Next, Jeff Elbel + Ping played their annual Gallery set, with a wide array of musicians on stage (drums, percussion, more percussion, organ, violin, and more besides).  It was great – they played some oldies from Elbel’s previous band, Farewell to Juliet, some older Ping songs, and some brand new material from Ping’s forthcoming CD.  If you like straightforward rock and roll, well-performed by a bunch of solid musicians, come check out Ping on the Jesus Village tonight at 6 PM.  Also, visit to download a free Ping record.

After Ping’s set, I was adrift for a couple of hours once more, as a couple more bands that I wanted to see were no-shows.  I had dinner and checked out a few different stages, up until the hard choices began around 10 PM.  At 10, there were three bands that I specifically wanted to see: tobyMac on Main Stage, the Lost Dogs on the Gallery, and Quiet Science on the Jesus Village.  I eventually settled on starting out with tobyMac.  His set was very much like what I’ve seen from him in the past, but he does what he does so well that I don’t mind seeing it again.  With a 9-piece backing band flying all over the stage, and a couple of big LED-curtain backdrops that were a first for Cornerstone as far as I can recall, this was a band that was perfect for Main Stage.  I enjoyed about 30 minutes of the set, and then moved on to Quiet Science.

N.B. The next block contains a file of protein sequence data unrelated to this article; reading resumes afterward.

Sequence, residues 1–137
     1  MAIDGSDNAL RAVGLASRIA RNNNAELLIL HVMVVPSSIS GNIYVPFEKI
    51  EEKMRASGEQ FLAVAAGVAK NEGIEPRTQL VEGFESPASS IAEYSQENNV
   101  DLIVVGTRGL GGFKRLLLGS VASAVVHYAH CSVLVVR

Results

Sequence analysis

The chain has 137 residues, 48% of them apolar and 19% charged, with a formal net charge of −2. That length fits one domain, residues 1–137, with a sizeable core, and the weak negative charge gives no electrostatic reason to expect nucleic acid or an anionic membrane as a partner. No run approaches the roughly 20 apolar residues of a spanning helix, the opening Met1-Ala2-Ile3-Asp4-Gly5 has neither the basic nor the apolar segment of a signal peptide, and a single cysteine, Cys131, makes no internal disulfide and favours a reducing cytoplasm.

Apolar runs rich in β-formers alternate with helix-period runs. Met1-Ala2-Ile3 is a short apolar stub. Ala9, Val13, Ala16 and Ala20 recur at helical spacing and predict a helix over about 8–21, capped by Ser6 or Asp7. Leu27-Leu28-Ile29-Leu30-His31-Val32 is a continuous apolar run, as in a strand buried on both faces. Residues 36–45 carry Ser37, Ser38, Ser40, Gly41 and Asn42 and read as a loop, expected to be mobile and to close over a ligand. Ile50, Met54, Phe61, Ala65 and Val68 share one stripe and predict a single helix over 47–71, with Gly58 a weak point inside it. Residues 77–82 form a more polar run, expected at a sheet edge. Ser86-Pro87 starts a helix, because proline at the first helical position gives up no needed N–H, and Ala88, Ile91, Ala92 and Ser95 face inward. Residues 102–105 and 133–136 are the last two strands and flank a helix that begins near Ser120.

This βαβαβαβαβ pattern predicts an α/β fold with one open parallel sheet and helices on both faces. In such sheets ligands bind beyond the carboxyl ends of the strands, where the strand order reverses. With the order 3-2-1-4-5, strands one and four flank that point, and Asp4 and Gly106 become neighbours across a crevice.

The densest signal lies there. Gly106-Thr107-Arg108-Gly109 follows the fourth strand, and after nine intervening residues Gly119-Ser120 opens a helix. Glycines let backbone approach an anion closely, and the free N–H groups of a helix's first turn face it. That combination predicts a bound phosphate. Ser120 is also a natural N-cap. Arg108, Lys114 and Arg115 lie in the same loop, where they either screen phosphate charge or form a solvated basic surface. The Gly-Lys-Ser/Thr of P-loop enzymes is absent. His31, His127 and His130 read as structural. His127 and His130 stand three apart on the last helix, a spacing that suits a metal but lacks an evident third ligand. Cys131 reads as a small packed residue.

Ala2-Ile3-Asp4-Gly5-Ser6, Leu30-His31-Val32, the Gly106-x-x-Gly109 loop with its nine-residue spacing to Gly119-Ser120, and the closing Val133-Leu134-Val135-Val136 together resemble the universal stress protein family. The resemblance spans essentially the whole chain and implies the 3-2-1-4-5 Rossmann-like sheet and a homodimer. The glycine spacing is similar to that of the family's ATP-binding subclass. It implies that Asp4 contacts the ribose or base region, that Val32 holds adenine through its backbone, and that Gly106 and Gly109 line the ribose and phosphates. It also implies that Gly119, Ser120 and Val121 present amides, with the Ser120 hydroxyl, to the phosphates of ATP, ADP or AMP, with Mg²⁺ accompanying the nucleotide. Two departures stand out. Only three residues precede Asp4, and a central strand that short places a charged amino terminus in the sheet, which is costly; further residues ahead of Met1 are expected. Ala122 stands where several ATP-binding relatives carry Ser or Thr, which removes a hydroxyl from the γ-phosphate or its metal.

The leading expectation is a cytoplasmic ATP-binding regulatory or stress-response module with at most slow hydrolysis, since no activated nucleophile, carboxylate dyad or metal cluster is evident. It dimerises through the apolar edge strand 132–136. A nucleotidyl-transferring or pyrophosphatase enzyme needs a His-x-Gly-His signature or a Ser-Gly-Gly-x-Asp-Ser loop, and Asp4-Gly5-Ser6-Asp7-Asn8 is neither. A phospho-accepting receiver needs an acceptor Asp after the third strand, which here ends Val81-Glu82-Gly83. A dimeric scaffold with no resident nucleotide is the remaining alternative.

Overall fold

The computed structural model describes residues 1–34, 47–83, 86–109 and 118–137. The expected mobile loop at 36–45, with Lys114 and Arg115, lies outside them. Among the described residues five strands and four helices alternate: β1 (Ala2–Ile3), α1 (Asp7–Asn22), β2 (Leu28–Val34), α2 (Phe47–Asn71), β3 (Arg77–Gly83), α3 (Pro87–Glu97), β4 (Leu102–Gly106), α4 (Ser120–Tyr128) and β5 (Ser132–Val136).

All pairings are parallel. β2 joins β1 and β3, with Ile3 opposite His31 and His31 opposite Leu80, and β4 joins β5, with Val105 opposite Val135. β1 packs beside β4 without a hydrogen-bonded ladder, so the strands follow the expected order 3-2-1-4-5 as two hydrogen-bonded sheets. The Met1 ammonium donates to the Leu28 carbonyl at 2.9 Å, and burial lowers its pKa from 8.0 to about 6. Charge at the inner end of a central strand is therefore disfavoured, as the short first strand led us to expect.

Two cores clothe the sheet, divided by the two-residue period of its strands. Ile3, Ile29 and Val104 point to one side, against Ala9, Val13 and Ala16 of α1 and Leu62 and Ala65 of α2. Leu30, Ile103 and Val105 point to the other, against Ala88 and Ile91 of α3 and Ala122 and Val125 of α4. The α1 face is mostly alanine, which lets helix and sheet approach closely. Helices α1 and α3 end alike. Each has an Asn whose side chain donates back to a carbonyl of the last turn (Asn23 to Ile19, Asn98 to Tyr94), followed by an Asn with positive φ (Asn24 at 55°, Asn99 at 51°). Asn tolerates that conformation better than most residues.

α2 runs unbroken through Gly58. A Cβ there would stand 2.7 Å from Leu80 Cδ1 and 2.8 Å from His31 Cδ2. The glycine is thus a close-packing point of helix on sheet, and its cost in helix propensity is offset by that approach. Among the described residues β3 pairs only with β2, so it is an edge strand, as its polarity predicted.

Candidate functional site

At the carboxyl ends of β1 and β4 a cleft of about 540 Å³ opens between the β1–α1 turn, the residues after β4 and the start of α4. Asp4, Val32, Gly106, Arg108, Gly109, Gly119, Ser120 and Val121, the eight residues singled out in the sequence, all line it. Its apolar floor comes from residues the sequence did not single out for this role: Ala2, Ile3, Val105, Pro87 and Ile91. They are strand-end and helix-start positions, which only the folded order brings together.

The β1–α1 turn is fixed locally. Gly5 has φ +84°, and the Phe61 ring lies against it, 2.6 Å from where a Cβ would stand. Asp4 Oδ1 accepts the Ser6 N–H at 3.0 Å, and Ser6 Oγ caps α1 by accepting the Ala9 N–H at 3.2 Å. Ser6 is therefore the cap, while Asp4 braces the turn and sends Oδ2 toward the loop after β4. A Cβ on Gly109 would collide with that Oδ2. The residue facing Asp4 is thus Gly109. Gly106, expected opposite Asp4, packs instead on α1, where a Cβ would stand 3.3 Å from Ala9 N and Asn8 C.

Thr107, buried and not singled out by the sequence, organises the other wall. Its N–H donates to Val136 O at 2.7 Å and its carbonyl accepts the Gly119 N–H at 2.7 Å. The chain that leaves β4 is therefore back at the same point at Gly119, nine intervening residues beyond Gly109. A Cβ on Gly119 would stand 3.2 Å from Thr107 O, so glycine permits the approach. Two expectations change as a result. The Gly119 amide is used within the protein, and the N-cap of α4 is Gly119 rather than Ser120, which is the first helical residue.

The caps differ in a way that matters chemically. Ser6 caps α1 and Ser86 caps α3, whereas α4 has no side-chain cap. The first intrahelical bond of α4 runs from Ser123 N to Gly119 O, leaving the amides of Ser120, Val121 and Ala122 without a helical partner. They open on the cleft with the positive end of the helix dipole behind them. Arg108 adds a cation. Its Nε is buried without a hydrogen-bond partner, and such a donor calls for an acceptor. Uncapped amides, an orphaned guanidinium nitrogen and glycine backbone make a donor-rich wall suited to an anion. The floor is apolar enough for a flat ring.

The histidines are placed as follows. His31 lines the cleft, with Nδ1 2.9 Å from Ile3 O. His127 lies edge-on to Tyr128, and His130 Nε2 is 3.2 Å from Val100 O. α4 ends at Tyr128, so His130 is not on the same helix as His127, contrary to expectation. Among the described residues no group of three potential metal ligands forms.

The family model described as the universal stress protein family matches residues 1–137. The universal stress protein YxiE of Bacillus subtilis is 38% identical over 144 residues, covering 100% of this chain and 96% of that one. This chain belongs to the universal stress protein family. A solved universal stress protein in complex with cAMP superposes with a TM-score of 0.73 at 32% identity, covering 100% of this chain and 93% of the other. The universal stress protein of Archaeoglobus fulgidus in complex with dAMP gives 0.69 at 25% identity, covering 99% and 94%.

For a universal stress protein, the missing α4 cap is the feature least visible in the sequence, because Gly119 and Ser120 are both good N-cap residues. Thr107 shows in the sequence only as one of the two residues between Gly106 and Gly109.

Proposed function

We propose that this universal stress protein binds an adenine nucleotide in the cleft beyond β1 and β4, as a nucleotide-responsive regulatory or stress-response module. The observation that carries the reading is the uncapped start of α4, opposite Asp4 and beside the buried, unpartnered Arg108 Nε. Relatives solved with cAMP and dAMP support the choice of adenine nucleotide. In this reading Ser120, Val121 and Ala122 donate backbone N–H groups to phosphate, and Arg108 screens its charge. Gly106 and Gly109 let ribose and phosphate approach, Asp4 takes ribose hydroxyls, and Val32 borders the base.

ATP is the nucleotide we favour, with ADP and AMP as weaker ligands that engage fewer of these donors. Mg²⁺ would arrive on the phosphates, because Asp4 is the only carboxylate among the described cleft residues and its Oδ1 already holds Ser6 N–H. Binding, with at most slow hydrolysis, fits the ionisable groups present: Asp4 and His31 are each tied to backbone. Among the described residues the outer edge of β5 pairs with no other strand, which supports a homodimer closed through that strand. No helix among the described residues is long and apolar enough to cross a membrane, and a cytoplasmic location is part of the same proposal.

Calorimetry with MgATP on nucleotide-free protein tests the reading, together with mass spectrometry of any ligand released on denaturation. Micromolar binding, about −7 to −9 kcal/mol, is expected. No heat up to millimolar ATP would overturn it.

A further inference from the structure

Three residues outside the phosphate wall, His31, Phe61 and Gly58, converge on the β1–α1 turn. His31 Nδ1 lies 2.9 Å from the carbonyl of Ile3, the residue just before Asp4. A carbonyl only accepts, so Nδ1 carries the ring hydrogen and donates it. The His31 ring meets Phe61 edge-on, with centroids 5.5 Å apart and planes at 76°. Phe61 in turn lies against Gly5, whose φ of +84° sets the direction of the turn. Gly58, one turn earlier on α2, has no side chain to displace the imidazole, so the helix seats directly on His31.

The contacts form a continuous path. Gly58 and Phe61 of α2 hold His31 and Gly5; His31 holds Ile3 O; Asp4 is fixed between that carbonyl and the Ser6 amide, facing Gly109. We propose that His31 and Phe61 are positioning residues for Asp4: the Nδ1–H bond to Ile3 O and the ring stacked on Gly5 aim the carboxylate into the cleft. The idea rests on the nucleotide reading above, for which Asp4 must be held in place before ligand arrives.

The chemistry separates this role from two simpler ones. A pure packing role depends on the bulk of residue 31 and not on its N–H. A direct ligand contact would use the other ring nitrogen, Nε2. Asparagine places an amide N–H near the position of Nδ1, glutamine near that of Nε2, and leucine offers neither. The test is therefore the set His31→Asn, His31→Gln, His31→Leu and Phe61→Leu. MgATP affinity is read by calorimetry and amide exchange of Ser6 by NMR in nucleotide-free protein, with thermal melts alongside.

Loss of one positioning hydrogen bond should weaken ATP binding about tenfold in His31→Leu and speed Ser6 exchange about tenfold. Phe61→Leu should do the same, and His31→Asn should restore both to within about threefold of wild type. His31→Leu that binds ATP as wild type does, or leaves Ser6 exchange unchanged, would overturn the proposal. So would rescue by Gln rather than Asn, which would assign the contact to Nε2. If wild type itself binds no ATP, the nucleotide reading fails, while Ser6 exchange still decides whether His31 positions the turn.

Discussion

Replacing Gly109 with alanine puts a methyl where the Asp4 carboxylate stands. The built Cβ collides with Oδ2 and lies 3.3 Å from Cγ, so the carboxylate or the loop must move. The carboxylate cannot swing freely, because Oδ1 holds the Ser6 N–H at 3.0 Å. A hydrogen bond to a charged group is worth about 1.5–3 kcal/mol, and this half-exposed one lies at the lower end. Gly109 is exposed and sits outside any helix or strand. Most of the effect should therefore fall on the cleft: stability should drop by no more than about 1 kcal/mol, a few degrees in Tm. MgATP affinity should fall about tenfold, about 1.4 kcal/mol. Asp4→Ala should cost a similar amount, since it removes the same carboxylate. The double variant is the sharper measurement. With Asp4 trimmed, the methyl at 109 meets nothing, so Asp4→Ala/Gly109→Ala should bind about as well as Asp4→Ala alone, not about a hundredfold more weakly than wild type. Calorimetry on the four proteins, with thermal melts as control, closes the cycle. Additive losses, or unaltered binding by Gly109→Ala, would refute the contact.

I first saw Quiet Science at Cornerstone last year, and I’ve seen them once more since.  Their songs are quite good, but it’s been my experience that they don’t completely come across live just yet.  Last night’s set was hindered by some technical problems (the singer broke strings on both of his guitars), but in some ways, that just made the set cooler.  The band soldiered on sans-guitar for a song, and then a guy showed up with a rockin’ Gibson SG for the singer to borrow, which he seemed excited to play.  So, although it wasn’t the most polished set, it was one of the most fun that I’ve seen this year.